Regardless of whether the teaching rating form your students use contains an item pertaining to the textbook selection, their feelings about the texts and other materials you require them to purchase are almost certain to affect how they feel about you as a teacher and, consequently, the ratings they’ll give you. If they really like you, they’ll tend to rate you a little higher on almost all of the items on the form. And if they really dislike you, they’ll tend to do the opposite. Consequently, one way to maximize your teaching ratings is to be cognizant of students’ likes and dislikes when selecting the textbooks and other materials (e.g., CD-ROM multimedia software) you’ll be utilizing.
Students’ likes and dislikes are, of course, not the only relevant considerations when selecting textbooks and other materials for teaching them. Content and organization are also. They are among the most important (if not the most important) considerations for textbook selection.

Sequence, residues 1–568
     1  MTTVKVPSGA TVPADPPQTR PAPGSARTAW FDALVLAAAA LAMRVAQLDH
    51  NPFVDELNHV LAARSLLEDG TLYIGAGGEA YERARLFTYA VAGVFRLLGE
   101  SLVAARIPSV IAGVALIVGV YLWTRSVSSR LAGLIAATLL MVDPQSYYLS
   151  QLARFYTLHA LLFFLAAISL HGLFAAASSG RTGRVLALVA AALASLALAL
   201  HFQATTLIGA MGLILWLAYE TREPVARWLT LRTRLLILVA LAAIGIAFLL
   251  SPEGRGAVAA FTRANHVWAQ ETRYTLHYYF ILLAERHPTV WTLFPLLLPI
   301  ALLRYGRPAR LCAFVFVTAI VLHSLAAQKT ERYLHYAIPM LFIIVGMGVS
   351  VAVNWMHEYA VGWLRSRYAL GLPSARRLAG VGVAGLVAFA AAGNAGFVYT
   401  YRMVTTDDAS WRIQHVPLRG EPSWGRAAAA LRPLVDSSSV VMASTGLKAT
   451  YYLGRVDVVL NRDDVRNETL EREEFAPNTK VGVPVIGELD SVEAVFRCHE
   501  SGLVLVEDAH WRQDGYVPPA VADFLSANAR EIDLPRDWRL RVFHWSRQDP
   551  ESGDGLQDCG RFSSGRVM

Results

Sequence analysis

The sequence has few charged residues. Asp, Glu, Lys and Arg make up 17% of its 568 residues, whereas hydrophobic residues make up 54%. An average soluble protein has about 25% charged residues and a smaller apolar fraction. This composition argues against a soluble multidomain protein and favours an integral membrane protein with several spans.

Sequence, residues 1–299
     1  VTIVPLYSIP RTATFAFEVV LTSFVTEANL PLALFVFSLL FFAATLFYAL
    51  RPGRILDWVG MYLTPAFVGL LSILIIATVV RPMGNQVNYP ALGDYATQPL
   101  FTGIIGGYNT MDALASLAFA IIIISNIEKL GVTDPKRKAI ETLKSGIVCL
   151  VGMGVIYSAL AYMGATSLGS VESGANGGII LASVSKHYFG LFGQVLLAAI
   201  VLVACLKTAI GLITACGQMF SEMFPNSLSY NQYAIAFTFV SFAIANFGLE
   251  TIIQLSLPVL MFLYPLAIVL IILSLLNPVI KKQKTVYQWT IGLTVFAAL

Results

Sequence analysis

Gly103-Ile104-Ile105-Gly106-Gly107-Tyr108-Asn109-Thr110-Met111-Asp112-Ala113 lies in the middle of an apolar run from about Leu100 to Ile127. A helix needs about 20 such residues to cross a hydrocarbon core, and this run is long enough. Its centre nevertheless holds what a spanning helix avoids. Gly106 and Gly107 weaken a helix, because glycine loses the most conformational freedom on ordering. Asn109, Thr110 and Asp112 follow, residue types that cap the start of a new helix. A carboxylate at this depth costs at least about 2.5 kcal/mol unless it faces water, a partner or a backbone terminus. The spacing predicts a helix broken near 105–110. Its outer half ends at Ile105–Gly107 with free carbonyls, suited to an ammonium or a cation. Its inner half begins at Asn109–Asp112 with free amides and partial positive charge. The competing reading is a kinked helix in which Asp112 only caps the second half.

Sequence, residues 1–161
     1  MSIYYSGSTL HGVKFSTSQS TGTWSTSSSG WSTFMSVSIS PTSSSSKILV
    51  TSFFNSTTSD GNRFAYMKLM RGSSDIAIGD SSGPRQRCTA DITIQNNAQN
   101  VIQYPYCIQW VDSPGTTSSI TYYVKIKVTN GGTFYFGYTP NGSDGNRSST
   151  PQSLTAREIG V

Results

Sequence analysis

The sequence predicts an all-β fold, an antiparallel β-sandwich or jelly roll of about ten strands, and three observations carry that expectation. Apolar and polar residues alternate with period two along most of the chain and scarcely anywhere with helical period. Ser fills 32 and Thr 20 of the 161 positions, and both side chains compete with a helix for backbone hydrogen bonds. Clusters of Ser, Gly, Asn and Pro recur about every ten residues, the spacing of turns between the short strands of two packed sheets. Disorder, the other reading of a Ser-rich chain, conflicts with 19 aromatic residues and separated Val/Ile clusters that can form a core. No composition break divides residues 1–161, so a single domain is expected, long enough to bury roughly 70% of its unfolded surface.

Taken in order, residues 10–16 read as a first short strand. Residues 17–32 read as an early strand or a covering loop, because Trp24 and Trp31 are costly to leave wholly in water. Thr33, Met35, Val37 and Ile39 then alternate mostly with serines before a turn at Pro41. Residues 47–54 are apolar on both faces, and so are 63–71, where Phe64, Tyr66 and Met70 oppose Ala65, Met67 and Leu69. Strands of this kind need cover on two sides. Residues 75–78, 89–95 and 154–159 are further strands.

We’ll be focusing here on a number of issues you’d be wise to consider when selecting textbooks and other materials that students are required to purchase. The order in which they’re discussed isn’t intended to be significant. The ones pertaining to students’ likes and dislikes were derived from comments made by undergraduate and graduate students in a structured interview survey that dealt with the features of textbooks that they did and did not find helpful (see Appendix D in Silverman, 1998).